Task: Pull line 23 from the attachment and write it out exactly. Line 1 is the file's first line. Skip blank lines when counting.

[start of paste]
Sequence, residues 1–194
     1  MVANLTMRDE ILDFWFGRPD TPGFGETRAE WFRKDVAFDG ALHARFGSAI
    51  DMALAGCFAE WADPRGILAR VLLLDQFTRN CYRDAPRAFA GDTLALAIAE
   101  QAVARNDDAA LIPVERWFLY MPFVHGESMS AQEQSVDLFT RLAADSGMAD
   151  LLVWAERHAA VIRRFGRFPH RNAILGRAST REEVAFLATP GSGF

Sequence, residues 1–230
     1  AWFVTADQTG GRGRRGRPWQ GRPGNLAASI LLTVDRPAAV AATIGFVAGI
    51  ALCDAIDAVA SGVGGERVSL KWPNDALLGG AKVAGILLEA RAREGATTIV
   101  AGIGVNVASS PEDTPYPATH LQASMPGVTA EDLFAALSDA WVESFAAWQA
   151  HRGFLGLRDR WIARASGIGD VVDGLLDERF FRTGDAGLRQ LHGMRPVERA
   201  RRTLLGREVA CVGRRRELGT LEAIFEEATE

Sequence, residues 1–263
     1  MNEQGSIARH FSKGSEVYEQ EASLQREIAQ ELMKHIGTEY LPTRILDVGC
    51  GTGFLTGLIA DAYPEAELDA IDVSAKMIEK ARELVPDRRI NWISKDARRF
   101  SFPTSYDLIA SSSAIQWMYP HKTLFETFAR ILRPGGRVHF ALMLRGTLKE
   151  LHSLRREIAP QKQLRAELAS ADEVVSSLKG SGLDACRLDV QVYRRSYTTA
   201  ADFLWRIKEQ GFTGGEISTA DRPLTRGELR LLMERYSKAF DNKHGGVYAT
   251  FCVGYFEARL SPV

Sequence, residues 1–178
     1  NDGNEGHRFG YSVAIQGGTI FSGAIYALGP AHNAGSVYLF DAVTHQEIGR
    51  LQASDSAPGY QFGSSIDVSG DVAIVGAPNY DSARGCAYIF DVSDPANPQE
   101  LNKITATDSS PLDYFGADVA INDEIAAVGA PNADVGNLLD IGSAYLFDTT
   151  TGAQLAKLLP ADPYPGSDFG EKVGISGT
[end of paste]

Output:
   151  TGAQLAKLLP ADPYPGSDFG EKVGISGT